The Last Days of Derek Jeter's Yankees
Thirty-eight isn’t old for a bottle of wine or a 21st-century American war, but it’s positively ancient for a professional athlete. That happens to be the average age of the New York Yankees so-called Core Four—relief pitcher Mariano Rivera, catcher Jorge Posada, starting pitcher Andy Pettitte, and shortstop Derek Jeter. And at the end of November, that ticker goes up to 38.5 when Rivera turns 41.
All four made their Major League debuts with the Bronx Bombers in 1995, and, except for three years when Pettitte was with the Houston Astros, they have been teammates like no others in baseball history, playing in seven World Series and winning five, and making it to the playoffs 12 times in the 13 seasons they were all on the roster.
Tonight the Yankees, down three games to two, play the Texas Rangers in the American League Championship series. If the Yankees lose, it will probably be the old guard’s last stand.
When Catfish Hunter became baseball’s first free agent in 1976 and left the Oakland A’s to sign a huge contract with the Yankees, there was much lamenting the loss of loyalty in baseball—where was the integrity, many writers and fans asked, in a game where players jumped from team to team just for money? As it turned out, players in the era of free agency didn’t change teams more often, it was just that before 1976 they were traded and afterward they left at their own discretion. Many are still slow to grasp the concept, but it was only after players had a choice about where they played that the element of loyalty really entered the game.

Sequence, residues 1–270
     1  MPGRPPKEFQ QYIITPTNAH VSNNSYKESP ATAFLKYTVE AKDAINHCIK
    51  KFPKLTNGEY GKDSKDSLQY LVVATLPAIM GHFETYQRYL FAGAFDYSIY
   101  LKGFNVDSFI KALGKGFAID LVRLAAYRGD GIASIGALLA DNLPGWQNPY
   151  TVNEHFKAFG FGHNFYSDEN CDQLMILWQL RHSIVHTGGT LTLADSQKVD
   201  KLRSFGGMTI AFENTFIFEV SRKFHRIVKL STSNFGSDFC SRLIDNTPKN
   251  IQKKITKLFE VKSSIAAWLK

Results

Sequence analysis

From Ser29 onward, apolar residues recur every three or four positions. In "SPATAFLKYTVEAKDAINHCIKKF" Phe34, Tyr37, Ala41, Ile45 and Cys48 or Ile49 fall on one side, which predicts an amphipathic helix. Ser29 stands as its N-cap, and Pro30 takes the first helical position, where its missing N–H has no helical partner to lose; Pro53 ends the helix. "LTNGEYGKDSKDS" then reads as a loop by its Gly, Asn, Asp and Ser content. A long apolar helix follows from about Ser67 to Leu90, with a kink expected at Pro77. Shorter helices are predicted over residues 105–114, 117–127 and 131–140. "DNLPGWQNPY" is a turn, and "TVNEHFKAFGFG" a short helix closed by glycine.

Pettitte told me, “They were the main reason I came back.”
The George Steinbrenner Yankees, by signing Hunter and later Reggie Jackson, practically defined the free-agent era, and the 2010 Yankees, with All-Stars such as first baseman Mark Teixeira, third baseman Alex Rodriguez, and lefty pitching ace C.C. Sabathia, have continued that tradition. The irony is that this Yankee team also features the greatest embodiment of loyalty that team sports has seen since the Catfish put on pinstripes—loyalty to the team, loyalty to the fans, but also loyalty to each other.
Rivera and Jeter are certain Hall of Famers while Pettitte and Posada will get some consideration. To be sure, playing for the richest team in baseball, all four have been magnificently compensated—perhaps $600 million in salary and bonuses. It’s likely that any of them could have gotten better deals with other teams—the Dodgers, Angels, Red Sox, Phillies, Braves, and, of course, the Mets, all of which have considerable resources, have coveted them at some time over the years.
“I won’t say I’ve never thought about playing somewhere else,” Derek Jeter told me earlier this season in Boston, amid a swirl of speculation as to what would happen at the end of the season when his contract was up. “Sure, I’ve thought about it. And anyone who says they don’t think about the money is just plain dishonest. But you’re going to get a lot of money no matter who you play for. The important thing is not to lose sight of the other things besides the money. I mean the team tradition, the fans, and the guys you play with. It means a lot to keep coming back here year after year and play alongside guys you respect.”